Citi analyst Bradley Ball (and everyone else) cuts estimates and target on American Express (AXP) after the company’s crappy Q2. In sharp contrast to Bank of America (BAC), AXP was brutally pessimistic. Ball’s view:
Results included business deterioration in U.S. Card which resulted from lower home prices, higher unemployment, and deteriorating consumer confidence.
First, billed business growth fell in 2Q08, hitting a cycle low point of 2% YOY in June. Second, U.S. lending monthly roll-rates ticked-up in June for both 0 to 30 days past due and 30 days past due to write-off. Third, U.S. lending NCO rates rose in April and May, and spiked higher in June – reflecting sharply worse trends across all customer segments and tenures.
Commenting on the broader credit environment going forward, Ball is hard-pressed to find grounds for optimism:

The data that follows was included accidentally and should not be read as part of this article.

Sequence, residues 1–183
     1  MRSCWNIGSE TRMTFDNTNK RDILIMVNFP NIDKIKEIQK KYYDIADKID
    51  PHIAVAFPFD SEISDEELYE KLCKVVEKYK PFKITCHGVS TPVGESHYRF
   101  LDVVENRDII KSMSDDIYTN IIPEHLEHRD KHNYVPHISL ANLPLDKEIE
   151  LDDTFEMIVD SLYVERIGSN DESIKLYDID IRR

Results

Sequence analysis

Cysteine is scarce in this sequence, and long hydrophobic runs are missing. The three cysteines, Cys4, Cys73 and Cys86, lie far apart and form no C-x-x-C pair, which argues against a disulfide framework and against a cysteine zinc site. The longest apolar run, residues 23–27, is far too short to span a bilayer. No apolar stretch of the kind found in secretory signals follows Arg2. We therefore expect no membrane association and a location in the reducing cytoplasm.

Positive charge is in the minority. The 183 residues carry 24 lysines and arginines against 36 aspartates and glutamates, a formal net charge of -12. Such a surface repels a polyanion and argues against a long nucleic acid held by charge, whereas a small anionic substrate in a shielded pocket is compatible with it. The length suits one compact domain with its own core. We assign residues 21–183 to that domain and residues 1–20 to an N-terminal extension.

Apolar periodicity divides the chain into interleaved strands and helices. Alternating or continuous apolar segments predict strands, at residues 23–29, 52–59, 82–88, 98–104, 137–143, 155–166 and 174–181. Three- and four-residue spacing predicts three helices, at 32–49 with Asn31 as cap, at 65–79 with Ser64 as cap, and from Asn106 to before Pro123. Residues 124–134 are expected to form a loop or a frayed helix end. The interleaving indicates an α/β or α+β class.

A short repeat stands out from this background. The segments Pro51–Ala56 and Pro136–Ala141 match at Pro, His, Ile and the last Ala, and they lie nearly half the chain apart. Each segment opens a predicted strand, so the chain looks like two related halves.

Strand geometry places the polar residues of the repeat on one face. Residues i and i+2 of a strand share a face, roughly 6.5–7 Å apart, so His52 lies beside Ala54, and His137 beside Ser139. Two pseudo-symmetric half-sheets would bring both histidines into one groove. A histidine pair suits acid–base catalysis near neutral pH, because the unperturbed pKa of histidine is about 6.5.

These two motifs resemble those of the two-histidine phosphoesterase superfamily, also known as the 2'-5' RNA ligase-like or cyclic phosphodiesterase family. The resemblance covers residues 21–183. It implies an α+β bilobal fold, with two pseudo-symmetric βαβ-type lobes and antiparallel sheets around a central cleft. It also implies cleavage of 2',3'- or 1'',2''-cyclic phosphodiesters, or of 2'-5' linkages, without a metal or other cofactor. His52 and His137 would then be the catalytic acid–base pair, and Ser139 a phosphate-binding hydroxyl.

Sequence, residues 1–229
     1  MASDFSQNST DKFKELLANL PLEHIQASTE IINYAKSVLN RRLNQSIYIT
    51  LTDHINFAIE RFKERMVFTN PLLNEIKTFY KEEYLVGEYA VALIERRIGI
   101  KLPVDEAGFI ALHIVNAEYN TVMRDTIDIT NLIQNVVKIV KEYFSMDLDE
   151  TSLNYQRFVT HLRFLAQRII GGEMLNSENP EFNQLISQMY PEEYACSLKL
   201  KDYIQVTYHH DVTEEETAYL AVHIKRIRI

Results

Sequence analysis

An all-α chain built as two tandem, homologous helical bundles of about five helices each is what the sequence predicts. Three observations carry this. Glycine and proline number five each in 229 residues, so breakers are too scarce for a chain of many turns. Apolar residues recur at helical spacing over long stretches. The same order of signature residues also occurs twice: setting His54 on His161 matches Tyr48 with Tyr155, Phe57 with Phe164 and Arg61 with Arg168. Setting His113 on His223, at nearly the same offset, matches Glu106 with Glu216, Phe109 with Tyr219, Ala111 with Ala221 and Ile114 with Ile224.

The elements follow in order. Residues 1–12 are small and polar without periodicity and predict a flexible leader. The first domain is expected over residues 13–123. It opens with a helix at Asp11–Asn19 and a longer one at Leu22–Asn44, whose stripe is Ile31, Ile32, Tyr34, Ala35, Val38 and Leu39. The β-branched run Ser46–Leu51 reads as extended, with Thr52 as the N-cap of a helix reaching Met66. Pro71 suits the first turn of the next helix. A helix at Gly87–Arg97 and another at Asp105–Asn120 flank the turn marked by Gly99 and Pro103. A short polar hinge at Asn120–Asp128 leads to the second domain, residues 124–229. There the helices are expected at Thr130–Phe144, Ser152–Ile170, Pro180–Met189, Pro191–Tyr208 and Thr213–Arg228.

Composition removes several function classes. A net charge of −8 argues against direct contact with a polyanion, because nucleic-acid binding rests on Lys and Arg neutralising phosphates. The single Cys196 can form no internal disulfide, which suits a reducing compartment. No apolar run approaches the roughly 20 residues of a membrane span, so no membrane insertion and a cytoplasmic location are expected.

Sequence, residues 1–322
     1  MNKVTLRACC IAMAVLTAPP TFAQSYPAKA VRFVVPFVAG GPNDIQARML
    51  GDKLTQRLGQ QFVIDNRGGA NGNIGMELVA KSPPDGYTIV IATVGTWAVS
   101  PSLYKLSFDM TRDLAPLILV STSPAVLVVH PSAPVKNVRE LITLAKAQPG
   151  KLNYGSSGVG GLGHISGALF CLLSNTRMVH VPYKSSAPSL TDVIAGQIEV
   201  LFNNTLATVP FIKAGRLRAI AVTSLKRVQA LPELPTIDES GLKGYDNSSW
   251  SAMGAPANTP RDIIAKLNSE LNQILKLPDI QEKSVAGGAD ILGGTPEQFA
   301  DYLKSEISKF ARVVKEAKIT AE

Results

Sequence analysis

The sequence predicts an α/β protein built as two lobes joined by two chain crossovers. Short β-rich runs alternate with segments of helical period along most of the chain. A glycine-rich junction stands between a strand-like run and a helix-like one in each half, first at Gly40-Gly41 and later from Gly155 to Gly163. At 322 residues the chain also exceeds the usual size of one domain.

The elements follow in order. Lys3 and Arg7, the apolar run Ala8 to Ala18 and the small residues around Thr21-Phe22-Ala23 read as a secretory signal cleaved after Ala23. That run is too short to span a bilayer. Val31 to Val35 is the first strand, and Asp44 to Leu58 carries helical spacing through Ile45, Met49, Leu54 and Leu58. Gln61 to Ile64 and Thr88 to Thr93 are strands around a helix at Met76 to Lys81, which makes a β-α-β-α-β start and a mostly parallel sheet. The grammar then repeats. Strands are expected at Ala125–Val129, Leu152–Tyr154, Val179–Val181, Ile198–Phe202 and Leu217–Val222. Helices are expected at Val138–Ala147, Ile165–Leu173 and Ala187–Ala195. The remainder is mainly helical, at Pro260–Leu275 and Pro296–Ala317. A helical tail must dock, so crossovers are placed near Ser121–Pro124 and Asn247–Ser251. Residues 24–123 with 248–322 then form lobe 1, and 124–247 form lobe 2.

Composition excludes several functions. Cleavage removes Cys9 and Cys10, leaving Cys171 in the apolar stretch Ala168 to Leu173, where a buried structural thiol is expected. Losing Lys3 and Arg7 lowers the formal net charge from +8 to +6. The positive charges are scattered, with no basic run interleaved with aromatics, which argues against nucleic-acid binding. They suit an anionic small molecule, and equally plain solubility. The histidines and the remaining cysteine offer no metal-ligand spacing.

The upshot is that environmental conditions apparently deteriorated sufficiently during June to drive surprisingly weak spending and credit performance metrics, which look likely to carry over into at least the second half of 2008. These negative trends are especially troubling since they are evident across all consumer segments, even AXP’s longer-term super-prime card customers – including those with FICO scores in the mid-700s.
Ball cut his target price from $47 to $40 and dropped 2008 and 2009 EPS from $3.35 and $3.65 to $2.85 and $3.15.